Wang Yi, Chinas newly-named foreign minister, has a reputation as
a brilliant and urbane diplomat. He is also a wily negotiator with
some tricks up his sleeve.
Ten years ago he was trying to persuade the Americans to sit down
alone with the North Koreans for talks on Pyongyangs nuclear
program, as North Korea wanted. Washington refused, and insisted
that the Chinese be present.
After a day of fruitless to-ing and fro-ing in Beijing, Mr. Wang
hosted a banquet for the three negotiating teams. Halfway through
the dinner he and his deputy stepped out to the toilet, they said.
Over the next 10 minutes, one by one, all the Chinese diplomats
slipped surreptitiously away from their banqueting tables. Before
they knew it, US negotiators found they were in a de facto bilateral
meeting with the North Koreans.
The Americans declined to talk about anything substantive, and
Wangs ploy failed, according to Japanese author Yoichi Funabashi,
who recounts the incident in his book The Peninsula Question.
But the sly maneuver illustrates what one acquaintance calls the
subtlety and flexibility of Wangs approach to diplomacy.
His expertise, his judgment and his style will lend him
authority, predicts Paul Evans, a professor of international
relations at the University of British Columbia in Canada. He will
be more than an implementer; he will be a shaper.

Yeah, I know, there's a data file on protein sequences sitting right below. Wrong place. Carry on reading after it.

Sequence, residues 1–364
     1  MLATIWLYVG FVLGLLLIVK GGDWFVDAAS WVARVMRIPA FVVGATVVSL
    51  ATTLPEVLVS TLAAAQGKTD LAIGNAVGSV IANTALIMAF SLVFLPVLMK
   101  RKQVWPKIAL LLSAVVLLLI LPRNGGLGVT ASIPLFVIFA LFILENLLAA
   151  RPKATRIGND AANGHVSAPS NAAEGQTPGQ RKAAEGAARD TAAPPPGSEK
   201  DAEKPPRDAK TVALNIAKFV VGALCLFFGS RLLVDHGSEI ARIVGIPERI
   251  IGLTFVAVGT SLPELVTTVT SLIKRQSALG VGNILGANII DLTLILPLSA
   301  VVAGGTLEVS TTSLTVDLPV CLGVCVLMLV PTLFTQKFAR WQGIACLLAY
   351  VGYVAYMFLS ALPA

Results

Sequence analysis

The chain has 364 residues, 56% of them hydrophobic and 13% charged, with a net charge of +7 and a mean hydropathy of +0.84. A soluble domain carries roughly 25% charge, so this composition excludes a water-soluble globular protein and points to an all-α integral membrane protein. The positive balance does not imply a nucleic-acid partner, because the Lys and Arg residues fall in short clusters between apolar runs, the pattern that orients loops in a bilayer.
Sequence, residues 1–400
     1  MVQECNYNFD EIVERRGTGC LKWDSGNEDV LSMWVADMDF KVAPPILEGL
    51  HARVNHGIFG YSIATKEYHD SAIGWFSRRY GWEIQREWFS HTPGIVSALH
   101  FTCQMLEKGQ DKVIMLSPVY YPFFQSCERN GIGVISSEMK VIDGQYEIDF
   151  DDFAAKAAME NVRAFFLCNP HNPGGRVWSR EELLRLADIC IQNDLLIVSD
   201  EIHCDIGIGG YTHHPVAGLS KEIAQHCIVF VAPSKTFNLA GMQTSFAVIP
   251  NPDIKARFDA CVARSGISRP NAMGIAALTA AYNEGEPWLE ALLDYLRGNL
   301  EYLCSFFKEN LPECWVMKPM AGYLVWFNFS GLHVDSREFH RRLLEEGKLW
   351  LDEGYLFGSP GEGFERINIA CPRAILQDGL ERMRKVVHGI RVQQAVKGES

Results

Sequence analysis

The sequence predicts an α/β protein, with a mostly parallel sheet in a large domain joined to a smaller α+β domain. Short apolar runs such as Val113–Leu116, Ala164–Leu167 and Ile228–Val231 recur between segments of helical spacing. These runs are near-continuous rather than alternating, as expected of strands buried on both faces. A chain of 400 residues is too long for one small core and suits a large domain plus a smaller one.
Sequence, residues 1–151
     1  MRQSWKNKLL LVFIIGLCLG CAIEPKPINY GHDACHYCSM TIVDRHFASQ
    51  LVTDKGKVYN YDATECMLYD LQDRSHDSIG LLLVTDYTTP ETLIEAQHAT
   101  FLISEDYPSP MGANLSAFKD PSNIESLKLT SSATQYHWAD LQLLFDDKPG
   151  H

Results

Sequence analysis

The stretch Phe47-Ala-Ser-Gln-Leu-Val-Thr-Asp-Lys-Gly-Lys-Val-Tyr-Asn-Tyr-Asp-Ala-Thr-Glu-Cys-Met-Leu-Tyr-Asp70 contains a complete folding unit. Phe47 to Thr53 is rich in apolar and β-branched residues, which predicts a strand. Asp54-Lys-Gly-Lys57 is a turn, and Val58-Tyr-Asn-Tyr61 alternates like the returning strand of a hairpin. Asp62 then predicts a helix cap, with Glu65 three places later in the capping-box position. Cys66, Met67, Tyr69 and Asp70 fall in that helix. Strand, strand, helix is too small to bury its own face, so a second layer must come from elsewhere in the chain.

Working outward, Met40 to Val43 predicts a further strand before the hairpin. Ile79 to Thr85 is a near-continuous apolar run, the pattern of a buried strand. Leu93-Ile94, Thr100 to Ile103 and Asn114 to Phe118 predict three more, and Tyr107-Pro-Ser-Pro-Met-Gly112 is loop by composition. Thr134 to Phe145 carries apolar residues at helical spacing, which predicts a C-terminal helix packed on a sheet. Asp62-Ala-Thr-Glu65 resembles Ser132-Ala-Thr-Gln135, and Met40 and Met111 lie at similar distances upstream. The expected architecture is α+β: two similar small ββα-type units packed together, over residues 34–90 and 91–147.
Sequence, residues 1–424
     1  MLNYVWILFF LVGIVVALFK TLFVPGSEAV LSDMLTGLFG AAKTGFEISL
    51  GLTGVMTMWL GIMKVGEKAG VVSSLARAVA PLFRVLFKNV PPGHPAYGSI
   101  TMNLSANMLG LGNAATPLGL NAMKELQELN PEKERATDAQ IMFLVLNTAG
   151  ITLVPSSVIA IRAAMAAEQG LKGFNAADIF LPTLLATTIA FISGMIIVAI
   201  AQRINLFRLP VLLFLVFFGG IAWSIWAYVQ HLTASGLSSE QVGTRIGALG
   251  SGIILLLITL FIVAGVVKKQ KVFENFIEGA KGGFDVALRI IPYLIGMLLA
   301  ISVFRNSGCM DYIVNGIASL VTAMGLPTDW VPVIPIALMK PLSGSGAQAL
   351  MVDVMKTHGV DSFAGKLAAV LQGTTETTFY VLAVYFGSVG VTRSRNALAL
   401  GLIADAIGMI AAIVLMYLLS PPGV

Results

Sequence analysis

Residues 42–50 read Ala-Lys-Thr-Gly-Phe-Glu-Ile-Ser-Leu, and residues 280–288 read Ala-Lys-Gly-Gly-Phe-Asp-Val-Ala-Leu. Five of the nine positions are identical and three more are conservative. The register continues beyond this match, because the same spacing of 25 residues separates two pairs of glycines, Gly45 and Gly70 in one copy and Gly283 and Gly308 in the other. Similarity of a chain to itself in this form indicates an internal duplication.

Unlike his two immediate predecessors at the head of the Foreign
Ministry, Wang is not a US specialist, although he spent six months
at Georgetown University in the late 1990s and speaks good English.
He speaks Japanese, however, like a native, according to people
who know him well. Wang has spent his career in Asia and is one of
Chinas foremost experts on Beijings major regional rival, Japan,
with whom Beijing is currently locked in a fierce territorial
dispute over a group of islands in the East China Sea.
It is a signal to the region that they are putting an Asia
specialist in the job, says Professor Evans.
His knowledge of Japan is deep, but he is not necessarily soft on
Japan, adds Evans, who once hosted Wang at a dinner in his home, and
has met him often since. He is a firm Chinese nationalist.
'Learning from the peasantry'
Like many of his generation now rising to the top of Chinese
politics, Wang was a sent down youth, spending eight years during
the Cultural Revolution working on a farm in northeastern China,
learning from the peasantry.
He did not waste his time, recalls Wang Xiaoping, a classmate of
Wang Yis at university in Beijing where the two studied Japanese. …